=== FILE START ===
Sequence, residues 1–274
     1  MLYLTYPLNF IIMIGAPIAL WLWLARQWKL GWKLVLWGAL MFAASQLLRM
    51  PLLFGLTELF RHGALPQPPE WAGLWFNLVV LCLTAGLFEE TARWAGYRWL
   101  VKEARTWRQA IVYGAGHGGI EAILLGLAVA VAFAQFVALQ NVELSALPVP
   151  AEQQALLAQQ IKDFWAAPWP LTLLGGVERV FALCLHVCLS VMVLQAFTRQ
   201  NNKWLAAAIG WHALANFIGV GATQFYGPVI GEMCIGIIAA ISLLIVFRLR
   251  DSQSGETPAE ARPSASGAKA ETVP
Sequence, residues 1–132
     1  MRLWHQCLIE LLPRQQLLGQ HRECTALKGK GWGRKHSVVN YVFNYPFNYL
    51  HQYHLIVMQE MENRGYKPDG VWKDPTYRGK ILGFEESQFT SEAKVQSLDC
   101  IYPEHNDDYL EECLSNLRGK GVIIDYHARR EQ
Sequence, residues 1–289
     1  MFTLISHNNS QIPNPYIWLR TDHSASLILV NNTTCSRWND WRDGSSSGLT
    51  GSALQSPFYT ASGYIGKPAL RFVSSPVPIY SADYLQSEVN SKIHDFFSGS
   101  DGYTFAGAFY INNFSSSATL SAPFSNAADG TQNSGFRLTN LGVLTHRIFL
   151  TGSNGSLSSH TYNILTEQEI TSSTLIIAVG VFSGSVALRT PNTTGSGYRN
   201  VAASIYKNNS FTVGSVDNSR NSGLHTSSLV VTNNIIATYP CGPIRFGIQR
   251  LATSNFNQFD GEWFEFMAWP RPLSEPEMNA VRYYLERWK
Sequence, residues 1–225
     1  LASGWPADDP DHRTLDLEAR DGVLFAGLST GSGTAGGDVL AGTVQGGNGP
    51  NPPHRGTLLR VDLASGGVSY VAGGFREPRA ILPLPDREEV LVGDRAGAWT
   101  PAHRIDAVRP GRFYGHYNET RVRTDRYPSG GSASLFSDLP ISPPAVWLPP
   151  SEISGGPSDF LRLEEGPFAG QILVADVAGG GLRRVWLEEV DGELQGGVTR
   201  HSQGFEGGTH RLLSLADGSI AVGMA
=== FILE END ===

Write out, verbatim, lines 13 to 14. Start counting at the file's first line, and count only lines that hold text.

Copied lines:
     1  MFTLISHNNS QIPNPYIWLR TDHSASLILV NNTTCSRWND WRDGSSSGLT
    51  GSALQSPFYT ASGYIGKPAL RFVSSPVPIY SADYLQSEVN SKIHDFFSGS